To accept oneself as one is to accept life as it is: these are the two basic elements of childhood's simplicity and humility.
The answer is simple. If we are afraid to know ourselves for what we are, it is because we have not the least idea of what that is. It is because we have not the least idea of the miracle of life-giving love that we are. There is no pretense that can approach the wonder of the truth about us, no unreality that comes anywhere near the reality.
We are "other Christs." Our destiny is to live the Christ-life: to bring Christ's life into the world; to increase Christ's love in the world; to give Christ's peace to the world....
The acceptance of life as it is must teach us trust and humility. This is because every real experience of life is an experience of God. Every experience of God makes us realize our littleness, our need, our nothingness, but at the same time the miracle of Christ in us. Not only are we one of God's creatures — which is in itself a guarantee of his eternal creating love — but we are also his Christ, his only Son, the sole object of his whole love.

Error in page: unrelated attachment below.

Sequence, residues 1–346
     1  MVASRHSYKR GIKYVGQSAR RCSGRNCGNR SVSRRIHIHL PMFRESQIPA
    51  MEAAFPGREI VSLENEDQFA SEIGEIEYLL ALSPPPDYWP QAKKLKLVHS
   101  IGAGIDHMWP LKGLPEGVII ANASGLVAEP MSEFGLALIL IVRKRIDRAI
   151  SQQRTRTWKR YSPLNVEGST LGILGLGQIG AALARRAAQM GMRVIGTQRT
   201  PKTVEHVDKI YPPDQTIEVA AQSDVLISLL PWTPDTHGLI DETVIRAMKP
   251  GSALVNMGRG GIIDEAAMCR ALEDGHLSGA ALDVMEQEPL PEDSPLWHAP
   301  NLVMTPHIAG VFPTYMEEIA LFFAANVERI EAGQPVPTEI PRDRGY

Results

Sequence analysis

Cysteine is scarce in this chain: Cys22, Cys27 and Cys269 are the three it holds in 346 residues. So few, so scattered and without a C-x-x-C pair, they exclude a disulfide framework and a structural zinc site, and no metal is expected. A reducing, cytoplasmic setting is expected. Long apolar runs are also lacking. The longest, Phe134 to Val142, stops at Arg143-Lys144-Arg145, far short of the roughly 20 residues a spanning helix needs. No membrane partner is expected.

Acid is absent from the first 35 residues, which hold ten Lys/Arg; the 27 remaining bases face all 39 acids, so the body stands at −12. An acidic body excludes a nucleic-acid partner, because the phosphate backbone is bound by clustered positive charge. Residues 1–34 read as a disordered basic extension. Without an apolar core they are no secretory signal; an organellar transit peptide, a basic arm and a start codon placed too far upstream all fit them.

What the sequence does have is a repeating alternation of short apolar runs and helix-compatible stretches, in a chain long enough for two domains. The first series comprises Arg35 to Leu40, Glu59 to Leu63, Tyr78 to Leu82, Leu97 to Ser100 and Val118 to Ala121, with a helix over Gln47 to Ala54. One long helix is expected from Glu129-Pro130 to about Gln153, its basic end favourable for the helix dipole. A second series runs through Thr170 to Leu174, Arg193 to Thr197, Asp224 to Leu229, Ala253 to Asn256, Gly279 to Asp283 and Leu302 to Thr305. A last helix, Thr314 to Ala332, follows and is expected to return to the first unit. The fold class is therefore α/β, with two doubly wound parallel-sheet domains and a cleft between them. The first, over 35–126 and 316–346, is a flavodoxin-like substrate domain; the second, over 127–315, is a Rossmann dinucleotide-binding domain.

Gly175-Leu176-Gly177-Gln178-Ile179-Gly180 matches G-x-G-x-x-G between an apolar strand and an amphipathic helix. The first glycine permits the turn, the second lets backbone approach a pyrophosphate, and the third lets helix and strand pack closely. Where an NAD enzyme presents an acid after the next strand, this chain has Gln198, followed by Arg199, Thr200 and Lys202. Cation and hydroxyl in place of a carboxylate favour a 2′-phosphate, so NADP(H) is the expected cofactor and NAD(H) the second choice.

These two facts balance the scales of trust: our nothingness and our allness.
Caryll Houselander. "Humbling Ourselves." from Wood of the Cradle, Wood of the Cross: The Little Way of the Infant Jesus (Sophia Institute Press, 1995).
Reproduced by kind permission of Sophia Press. This excerpt appeared in the February, 2015 issue of Magnificat.
Caryll Houselander (1901-1954) was a British Roman Catholic laywoman; a mystic, writer, artist, visionary and healer. Her first book, This War is the Passion, written during World War II, launched her prolific writing career. She is best known for: A Rocking Horse Catholic, The Reed of God, The Way of the Cross, This War is the Passion, The Risen Christ, The Letters Of Caryll Houselander: Her Spiritual Legacy, and Wood of the Cradle, Wood of the Cross: The Little Way of the Infant Jesus.Copyright © 1995 Sophia Press
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